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Where there is no law, but every man does what is right in his own eyes, there is the least of real liberty
Henry M. Robert

Why new rules endanger Ukrainian Internet

Market participants told The Day they did not see the duty of providers to cooperate with law-enforcement agencies as the most troubling of new regulations, despite the media scare
17 December, 2013 - 11:28
Photo by Mykola TYMCHENKO, The Day

The National Commission for the State Regulation of Communications and Informatization (NCSRCI) has come up with new business rules. It approved the relevant document, “Rules for the Telecommunications Sector regarding Internet Access Provision,” on December 10 and has already sent it for registration to the Ministry of Justice. According to its authors, the regulation will adequately ensure free market access for telecom operators involved in Internet access provision, and “protect the rights of service providers as well as consumers’ right to high-quality Internet access telecommunications services.”

The rules got wide coverage in mainstream media publications lately. Journalists paid most attention to Clause 4.9, stating that telecom operators had a duty to cooperate with the investigating authorities, in particular, to facilitate their operations and to not disclose organizational and tactical techniques used by them. However, as The Day learned at the Internet Association of Ukraine (IAU), the clause was in fact of no importance. After all, it has been on the books in Ukraine for nearly a decade (!). “This clause is a literal quote from the Law of Ukraine ‘On Telecommunications,’ which was adopted in 2003. This norm is 10 years old. I do not understand why they had it repeated and extended to all businesses, as it is relevant for telecom operators only,” chair of the IAU Tetiana Popova said. She also explained that information about individual’s activities on the Internet, such as websites one visited or one’s e-mail, could be obtained by the investigators from the operator only as long as it was linked to the investigation’s needs, and they needed a court decision first.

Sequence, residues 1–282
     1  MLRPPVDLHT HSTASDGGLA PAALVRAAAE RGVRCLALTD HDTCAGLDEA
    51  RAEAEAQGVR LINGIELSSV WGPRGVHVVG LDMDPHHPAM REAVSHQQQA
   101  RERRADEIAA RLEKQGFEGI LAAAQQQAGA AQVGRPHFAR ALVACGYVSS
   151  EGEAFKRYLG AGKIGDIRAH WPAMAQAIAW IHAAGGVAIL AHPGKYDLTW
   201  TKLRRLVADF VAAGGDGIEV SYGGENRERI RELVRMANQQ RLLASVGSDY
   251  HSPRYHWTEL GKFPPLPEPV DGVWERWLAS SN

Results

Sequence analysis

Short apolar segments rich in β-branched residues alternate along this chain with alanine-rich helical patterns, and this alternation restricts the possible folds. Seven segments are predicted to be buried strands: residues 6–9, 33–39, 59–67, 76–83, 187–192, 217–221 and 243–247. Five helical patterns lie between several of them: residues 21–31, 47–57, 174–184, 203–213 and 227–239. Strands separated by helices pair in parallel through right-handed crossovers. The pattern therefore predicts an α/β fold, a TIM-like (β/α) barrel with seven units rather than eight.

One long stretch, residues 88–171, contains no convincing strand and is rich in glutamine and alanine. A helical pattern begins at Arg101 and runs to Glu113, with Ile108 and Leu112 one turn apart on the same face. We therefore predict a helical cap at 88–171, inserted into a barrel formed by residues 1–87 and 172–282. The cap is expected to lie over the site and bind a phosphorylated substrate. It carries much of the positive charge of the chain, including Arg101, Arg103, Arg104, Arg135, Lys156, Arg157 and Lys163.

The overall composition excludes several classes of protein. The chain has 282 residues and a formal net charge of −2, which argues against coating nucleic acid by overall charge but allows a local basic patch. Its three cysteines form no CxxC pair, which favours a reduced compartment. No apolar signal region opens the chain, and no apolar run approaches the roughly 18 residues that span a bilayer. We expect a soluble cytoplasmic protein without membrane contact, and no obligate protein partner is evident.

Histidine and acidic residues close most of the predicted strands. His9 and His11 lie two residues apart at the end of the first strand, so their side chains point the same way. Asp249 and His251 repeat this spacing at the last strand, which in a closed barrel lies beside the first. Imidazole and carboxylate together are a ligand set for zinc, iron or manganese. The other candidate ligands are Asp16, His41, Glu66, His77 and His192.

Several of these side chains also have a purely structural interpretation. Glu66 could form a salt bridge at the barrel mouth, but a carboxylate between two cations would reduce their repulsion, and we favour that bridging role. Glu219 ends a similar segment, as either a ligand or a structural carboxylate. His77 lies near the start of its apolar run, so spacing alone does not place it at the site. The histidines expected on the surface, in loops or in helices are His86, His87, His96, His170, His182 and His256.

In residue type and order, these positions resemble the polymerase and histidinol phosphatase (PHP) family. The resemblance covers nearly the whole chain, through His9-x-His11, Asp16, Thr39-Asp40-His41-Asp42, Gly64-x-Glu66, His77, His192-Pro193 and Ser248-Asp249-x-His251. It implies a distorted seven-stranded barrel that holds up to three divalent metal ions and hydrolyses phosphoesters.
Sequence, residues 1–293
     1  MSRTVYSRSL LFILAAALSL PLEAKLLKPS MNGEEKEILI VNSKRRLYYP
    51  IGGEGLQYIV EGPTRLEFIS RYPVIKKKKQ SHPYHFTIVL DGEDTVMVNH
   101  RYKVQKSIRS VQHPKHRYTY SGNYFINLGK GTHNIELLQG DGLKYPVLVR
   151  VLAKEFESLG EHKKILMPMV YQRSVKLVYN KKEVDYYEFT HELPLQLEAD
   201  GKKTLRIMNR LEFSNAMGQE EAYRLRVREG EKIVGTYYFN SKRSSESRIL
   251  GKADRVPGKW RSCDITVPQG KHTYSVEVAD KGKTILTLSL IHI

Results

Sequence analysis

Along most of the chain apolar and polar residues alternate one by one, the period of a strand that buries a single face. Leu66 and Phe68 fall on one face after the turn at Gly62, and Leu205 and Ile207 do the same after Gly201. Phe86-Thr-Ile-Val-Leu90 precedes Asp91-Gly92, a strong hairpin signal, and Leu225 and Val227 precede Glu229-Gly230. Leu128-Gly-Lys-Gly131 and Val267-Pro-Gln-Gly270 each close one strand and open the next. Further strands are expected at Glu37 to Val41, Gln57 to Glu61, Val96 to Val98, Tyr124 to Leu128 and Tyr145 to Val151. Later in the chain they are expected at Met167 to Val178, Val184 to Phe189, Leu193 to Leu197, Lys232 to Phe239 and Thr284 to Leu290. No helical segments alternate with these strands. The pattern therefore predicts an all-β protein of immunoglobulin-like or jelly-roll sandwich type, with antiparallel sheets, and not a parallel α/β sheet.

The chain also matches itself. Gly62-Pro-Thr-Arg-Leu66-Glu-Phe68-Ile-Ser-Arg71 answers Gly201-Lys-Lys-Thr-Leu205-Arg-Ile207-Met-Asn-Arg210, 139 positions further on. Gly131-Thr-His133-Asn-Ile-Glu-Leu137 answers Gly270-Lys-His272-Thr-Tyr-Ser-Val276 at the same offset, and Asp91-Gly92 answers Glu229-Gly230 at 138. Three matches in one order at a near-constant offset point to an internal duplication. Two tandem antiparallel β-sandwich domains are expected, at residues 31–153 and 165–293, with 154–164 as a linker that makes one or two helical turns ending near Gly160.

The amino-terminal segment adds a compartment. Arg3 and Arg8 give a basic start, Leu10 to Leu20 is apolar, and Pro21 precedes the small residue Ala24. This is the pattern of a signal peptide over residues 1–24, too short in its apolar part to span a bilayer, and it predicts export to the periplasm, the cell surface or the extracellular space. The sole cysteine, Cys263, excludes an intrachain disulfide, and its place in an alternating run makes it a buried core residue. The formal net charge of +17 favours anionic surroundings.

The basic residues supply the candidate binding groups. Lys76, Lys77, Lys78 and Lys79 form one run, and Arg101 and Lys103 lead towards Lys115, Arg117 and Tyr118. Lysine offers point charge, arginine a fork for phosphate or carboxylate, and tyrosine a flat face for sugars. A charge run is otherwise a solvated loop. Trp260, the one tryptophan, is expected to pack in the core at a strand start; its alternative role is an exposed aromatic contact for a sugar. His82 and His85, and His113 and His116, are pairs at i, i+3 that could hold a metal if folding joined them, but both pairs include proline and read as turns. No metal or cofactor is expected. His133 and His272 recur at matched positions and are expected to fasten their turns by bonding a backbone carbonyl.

The IAU’s chair emphasized that the regulation was still problematic because of other shortcomings. The association sent a letter to the NCSRCI’s head Petro Yatsuk on December 10, asking him to postpone approval of the draft rules due to a significant number of gaps and contradictions found in the document. “We spent two years proposing amendments, but in the end, not all of our proposals have been implemented. Therefore, we are preparing a letter to the Ministry of Justice asking them to refrain from registering this document,” Popova added.

The Ukrainian Union of Industrialists and Entrepreneurs’ vice president for IT, president of the IT group Adamant Ivan Pietukhov laid out for The Day flaws and dangers found in the document. “In Ukraine, private initiative in this industry has developed without subsidies. It turns out that foreign governments are even helping to fund it. For example, Estonia took out loans to train people and teach them how to use the Internet. We are doing everything through private initiative only, but now the NCSRCI wants to restrain it. The only question is: Why do they do it?” he concluded. According to Pietukhov, adopting the document in its present form will allow the NCSRCI to control more Internet activities. “The commission resorts to such steps exactly to expand its field of work and collect more fines via their enforcement arm,” he added.

The expert cited two stumbling blocks in the rules. The first is use of misleading terms. The title of the document’s Paragraph 4 reads: “The Technological Requirements for Telecommunication Businesses.” However, Pietukhov noted that the national legislation regulating Ukrainian web space had no rules that would define the term “telecommunication business.” There are only definitions of “operator” and “provider.” Thus, the document is covering all businesses participating in Internet economy, instead of just operators, as the current regulations provide. The second stumbling block is Clause 2.3.8 of the “Rules,” instituting obligatory recording of volume (duration) and value of services provided by each service separately. “I have no idea how they expect it to be done, because the only true service on the Internet is access itself, everything else is a Web service. They want to use these rules to regulate Web services, such as Email,” Pietukhov said. However, he noted, the implementation of this clause would see small- and medium-scale businesses hiring more accountants and incurring increased costs.

“We believe that the Ministry of Justice has to send the document back for revision, and not register it as it is. No regulation should aspire to interpret laws and expand the legal framework. They ought to explain the laws, not use misleading terms,” Pietukhov maintained.

By Maria YUZYCH, The Day
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